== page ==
(A.1)

(A.2)

(A.3)

(A.4)

(A.5)

(A.6)

(A.7)

(A.8)

where, , , are the instantaneous reaction terms. We also assume that the substrate S reacts with the catalysts via Michaelis-Menten kinetics. The reaction rate is

(A.9)

where

(A.10)

By introducing the following set of dimensionless variables

(A.11)

and defining the following “composite species” [10]

(A.12)

(A.13)

(A.14)

(A.15)

we obtain the dimensionless form of Equations (6)-(10) for the concentration of species which are given in the text.

Appendix B. Analytical Solutions of Equations (6)-(10) Using Complex Inversion Formula

In this appendix, we indicate how the Equations (15) is derived. Using new homotopy perturbation approach [13] , Equation (6) can be written as

(B.1)

(B.2)

The approximate solution of Equation (B.2) is

(B.3)

Substituting Equation (B.3) into Equation (B.2) and arranging the coefficients of powers p

(B.4)

(B.5)

The initial and boundary conditions for Equations (12)-(14) becomes

(B.6)

(B.7)

(B.8)

Equation (B.4) can be written as

(B.9)

where is defined as in Equation (20). Now, by applying Laplace transform and complex inversion formula (Appendix C) to Equation (B.9) and to the conditions in Equations (B.6)-(B.8), we obtained the solution of Equation (B.9) as

(B.10)

Using residue theorem (Appendix C) we can obtain the Equation (15) in the text.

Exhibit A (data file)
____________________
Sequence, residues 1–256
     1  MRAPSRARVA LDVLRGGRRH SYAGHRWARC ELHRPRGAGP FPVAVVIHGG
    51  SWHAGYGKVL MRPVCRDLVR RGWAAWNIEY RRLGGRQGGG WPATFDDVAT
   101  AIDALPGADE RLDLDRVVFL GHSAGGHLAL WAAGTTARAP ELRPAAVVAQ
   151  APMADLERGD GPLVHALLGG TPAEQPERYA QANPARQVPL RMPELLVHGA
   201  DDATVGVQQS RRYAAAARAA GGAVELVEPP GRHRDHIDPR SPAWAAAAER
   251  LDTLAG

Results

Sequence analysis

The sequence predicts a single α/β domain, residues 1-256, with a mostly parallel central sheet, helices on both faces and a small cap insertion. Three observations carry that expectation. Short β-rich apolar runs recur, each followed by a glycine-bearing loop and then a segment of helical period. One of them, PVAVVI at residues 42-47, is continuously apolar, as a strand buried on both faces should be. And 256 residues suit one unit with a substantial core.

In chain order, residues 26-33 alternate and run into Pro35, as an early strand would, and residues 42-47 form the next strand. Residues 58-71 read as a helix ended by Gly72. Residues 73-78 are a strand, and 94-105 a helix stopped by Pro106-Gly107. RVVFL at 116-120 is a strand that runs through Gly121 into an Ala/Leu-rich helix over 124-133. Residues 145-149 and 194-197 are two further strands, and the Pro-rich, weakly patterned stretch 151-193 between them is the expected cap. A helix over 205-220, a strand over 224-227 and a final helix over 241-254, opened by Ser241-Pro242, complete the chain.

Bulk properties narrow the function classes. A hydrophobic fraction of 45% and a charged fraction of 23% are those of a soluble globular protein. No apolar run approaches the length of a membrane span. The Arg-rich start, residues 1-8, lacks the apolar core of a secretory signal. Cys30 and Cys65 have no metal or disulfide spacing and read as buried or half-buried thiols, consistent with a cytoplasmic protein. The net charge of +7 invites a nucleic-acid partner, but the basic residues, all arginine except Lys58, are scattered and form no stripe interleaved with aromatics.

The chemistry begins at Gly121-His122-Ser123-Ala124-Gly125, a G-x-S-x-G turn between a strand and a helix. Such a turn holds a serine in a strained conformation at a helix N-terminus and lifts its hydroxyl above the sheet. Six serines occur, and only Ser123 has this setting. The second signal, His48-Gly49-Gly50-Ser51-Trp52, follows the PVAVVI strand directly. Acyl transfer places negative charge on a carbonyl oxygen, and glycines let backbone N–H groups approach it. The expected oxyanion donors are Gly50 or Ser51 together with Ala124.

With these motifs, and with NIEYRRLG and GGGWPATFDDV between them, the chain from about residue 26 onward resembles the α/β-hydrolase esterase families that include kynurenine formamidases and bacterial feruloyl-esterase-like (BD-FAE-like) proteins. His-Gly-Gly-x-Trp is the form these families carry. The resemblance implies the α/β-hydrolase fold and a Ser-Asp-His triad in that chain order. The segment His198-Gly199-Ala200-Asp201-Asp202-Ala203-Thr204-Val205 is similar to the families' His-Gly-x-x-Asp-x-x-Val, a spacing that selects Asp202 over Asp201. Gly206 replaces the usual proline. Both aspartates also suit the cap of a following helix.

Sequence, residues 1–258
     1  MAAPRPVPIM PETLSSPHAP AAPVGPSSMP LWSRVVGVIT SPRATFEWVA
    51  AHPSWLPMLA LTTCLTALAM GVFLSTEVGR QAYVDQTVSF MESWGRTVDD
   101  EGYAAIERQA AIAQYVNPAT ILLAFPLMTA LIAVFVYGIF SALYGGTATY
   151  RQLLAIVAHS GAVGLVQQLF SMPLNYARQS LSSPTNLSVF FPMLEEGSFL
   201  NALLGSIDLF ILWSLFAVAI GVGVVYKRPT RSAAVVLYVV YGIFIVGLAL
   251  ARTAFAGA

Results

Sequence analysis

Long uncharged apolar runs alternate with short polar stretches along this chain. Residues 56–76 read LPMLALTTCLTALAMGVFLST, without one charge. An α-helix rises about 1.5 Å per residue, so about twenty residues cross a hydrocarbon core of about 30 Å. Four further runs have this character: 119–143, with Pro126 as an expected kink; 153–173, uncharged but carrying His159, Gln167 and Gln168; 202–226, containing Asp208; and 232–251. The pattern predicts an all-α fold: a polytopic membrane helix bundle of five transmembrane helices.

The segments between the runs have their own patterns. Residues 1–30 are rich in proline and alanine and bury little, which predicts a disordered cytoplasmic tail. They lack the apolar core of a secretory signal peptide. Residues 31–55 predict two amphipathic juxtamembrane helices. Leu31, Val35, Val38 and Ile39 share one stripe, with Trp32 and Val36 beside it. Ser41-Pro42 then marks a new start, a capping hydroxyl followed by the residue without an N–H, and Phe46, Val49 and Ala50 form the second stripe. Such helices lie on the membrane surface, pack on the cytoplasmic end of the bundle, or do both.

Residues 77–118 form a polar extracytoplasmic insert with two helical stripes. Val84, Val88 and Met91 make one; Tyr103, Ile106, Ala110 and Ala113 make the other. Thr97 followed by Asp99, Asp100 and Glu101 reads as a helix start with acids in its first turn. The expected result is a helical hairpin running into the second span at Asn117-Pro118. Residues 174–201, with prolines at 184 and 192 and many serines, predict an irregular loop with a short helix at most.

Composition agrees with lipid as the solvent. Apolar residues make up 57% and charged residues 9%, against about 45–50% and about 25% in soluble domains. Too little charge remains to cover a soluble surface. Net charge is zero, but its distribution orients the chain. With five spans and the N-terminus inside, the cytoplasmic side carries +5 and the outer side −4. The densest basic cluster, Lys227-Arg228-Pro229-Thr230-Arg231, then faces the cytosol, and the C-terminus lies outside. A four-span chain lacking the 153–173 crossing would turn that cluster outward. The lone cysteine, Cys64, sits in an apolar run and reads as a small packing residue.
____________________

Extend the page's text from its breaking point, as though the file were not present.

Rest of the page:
Appendix C. Inverse of Equation (B. 10) by Using Complex Inversion Formula

In this appendix, we indicate how Equation (B.10) may be inverted using the complex inversion formula. If represents the Laplace transform of a function, then, according to the complex inversion formula, we can state that

(C.1)

where the integration in Equation (C.1) is to be performed along a line in the complex plane where. The real number c is chosen such that lies to the right of all the singularities but is otherwise assumed to be arbitrary. In practice, the integral is evaluated by considering the contour integral presented on the right-hand side of Equation (C.1), which is then evaluated using the so-called Bromwich contour. The contour integral is then evaluated using the residue theorem which states, for any analytic function, that

(C.2)

where the residues are computed at the poles of the function. Hence, from Equation (C.2), we note that